Figure 1:  Imported Hydrate Curves from Multiflash

This fifth calculation would be much simpler if there were only two hydrate formation curves to interpolate between, but because we are using a fine grid for the methanol content, the difficulty comes in determining which two curves to interpolate between in the flotools calculation.  The selection of the correct two curves is done by using the methanol concentration calculated in the third calculation and a series of nested IF statements.

The nested IF statements work somewhat like a stepladder, it first checks whether the methanol concentration is above 0% and if so checks if it is above 10%, then 20%…etc.  Once the IF statement finds a value that it is not above, it exits the nested IF and declares that that value is the upper bound. i.e.,  if the actual percent inhibition is 37%, once it realizes that it is not greater than 40% it then decides that 40% is the upper bound of the two curves. To identify the lower bound we first check if the upper bound is greater than 0 and if it is, we subtract 10% from the upper bound to calculate the lower bound. This is easy because the hydrate curves we generated were generated in uniform 10% increments.  

If the methanol increments were not uniform another set of nested IF statements would be needed.  The IF statements would follow the same stepladder approach but once a value was found to be above the actual methanol concentration, the IF statement would output the previous value, i.e., from our 37% example above, the IF statements would need to output next to the last value as well (i.e., the value before 40% which would be 30%).

The sixth calculation is the final output of the entire analysis.   The sixth calculation does a final check to see if all three of the above conditions are met (the conditions in the fourth calculation), and if so, outputs the DTHYD results from the interpolation, otherwise it outputs a null number that can be manually changed (in this case -50).

We can see the actual application of the calculation in a case described below. This case has a methanol pill placed at the beginning of a flowline with a well shut in upstream.  The rest of the flowline is saturated with a seawater-methanol mixture of 15% methanol by volume (Figure 2).

Figure 2:  Flowline Initial Conditions

The well is then opened, and the hydrocarbons begin to push the methanol pill out of the flowline.  The methanol pill disperses slightly and some gas that had accumulated at the top of the well during the shut-in squeezes past the methanol pill.  The gas has the potential to form hydrates as the three conditions in the fourth calculation are met when gas moves in front of the methanol pill.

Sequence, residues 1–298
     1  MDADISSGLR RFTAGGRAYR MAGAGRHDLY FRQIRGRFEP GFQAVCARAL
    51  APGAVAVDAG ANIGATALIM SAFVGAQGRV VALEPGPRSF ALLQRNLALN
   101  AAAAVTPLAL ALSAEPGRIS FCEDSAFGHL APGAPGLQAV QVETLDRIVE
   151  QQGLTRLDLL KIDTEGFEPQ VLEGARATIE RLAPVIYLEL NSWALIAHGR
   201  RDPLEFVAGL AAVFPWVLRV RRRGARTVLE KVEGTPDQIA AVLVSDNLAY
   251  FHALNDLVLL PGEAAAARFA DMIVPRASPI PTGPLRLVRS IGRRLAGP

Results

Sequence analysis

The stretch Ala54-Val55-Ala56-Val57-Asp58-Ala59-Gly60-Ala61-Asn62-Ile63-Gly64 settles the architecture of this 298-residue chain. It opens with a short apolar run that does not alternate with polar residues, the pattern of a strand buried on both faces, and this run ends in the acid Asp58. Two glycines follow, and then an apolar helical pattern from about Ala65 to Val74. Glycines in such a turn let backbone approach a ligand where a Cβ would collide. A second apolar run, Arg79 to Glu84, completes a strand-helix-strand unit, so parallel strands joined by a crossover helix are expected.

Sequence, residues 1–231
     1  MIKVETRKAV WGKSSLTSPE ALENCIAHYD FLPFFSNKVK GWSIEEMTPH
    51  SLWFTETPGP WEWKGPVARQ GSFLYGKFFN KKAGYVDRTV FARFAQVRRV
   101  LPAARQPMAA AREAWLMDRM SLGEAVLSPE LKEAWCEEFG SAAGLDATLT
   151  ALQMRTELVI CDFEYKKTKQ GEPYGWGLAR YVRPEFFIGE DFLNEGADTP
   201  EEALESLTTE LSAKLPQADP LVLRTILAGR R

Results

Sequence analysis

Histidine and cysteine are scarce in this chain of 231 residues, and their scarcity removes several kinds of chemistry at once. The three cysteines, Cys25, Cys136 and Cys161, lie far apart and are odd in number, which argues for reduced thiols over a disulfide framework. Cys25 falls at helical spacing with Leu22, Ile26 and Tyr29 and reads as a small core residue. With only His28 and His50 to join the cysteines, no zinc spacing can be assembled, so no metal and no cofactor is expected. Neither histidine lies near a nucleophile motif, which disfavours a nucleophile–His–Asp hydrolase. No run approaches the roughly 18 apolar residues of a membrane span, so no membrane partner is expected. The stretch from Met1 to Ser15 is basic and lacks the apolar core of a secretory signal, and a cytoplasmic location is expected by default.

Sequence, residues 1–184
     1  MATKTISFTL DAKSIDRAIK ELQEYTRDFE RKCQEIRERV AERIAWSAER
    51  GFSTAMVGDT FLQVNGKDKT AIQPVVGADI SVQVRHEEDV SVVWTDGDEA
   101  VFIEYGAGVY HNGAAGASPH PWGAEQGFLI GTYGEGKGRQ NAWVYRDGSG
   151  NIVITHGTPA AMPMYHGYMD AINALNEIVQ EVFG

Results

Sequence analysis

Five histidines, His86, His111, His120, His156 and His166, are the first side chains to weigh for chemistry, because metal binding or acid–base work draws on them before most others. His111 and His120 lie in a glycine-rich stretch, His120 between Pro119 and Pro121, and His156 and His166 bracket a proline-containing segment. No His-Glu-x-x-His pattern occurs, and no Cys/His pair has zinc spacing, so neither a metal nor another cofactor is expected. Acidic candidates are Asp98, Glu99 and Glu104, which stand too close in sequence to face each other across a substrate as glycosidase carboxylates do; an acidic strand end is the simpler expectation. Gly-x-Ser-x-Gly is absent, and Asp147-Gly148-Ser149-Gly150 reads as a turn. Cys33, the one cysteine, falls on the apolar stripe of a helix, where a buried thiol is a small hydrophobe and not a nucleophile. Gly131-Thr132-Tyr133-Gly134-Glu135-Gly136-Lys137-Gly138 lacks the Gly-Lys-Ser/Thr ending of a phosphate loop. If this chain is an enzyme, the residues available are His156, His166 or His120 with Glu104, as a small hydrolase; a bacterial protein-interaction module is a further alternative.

Figure 3:  Methanol Pill Displaced by Wellbore Fluids

Figure 3 is quite complicated, but it very nicely illustrates exactly where hydrates can form and the ΔT between the fluid temperature and the hydrate formation temperature (Note:  when DTHYD > 0 hydrates can form).

  1. The red curve is the methane fraction as a function of distance.  Methane is used as a proxy to determine whether hydrocarbons are present.
  2. The blue curve is the methanol concentration (volume %) as a function of distance.
  3. The green curve is DTHYD = fluid temperature minus hydrate formation temperature.

Three distinct regions are evident on Figure 3.  Two of the regions are not at risk for hydrate formation.  On the right-hand side (shaded) of the graph there is a steep drop-off of the Green DTHYD curve because there are no hydrocarbons in this region as shown by the red, methane-fraction curve.  

The left-hand side (shaded) is a trickier region as there are two constraints to hydrate formation:

  1. Either there is no seawater left (it has all been pushed out)
  2. Or the hydrocarbon fluid is more than 50% inhibited with methanol (our specified criterion for full hydrate inhibition).  Note that on the left-hand side, there could be produced water but for this example the produced water was sufficiently salty to inhibit hydrate formation.

In the middle (unshaded), hydrocarbons are present, and the methanol concentration is below our threshold of 50%.  To determine if hydrate formation is possible, we must look at the DTHYD variable.  In this region, the maximum value of DTHYD is -4 °F, indicating that hydrate formation is not possible.  Therefore, the methanol pill size is acceptable for preventing hydrates.